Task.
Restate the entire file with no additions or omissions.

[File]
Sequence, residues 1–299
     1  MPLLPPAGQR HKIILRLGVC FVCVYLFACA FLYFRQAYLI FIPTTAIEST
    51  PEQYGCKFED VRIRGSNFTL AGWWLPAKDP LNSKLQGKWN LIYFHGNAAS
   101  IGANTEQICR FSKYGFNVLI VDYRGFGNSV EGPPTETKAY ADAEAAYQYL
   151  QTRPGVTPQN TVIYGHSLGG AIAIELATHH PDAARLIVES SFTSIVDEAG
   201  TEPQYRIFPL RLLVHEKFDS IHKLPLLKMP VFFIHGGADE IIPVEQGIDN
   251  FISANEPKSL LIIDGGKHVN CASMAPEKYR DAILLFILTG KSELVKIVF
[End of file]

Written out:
Sequence, residues 1–299
     1  MPLLPPAGQR HKIILRLGVC FVCVYLFACA FLYFRQAYLI FIPTTAIEST
    51  PEQYGCKFED VRIRGSNFTL AGWWLPAKDP LNSKLQGKWN LIYFHGNAAS
   101  IGANTEQICR FSKYGFNVLI VDYRGFGNSV EGPPTETKAY ADAEAAYQYL
   151  QTRPGVTPQN TVIYGHSLGG AIAIELATHH PDAARLIVES SFTSIVDEAG
   201  TEPQYRIFPL RLLVHEKFDS IHKLPLLKMP VFFIHGGADE IIPVEQGIDN
   251  FISANEPKSL LIIDGGKHVN CASMAPEKYR DAILLFILTG KSELVKIVF